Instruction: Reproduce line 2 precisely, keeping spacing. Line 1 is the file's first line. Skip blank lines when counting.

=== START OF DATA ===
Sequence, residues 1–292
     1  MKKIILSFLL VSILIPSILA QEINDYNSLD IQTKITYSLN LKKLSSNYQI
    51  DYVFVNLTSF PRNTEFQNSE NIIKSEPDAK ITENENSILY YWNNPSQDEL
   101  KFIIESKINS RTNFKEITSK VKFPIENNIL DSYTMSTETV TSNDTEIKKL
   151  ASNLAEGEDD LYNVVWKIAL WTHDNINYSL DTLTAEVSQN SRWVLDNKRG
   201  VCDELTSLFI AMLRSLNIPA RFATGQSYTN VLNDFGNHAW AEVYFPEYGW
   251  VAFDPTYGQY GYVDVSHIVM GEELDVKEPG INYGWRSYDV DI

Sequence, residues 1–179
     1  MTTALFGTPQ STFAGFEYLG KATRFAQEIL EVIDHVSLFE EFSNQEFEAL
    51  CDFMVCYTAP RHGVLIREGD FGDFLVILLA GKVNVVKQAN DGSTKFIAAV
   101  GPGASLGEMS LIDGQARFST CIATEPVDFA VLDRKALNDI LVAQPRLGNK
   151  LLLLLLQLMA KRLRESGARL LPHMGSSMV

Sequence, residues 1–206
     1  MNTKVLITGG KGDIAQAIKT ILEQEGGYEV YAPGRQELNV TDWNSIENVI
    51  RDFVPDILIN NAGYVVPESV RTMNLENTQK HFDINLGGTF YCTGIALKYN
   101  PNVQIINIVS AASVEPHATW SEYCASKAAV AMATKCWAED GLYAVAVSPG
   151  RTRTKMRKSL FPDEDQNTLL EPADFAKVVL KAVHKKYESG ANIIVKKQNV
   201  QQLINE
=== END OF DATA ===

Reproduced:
     1  MKKIILSFLL VSILIPSILA QEINDYNSLD IQTKITYSLN LKKLSSNYQI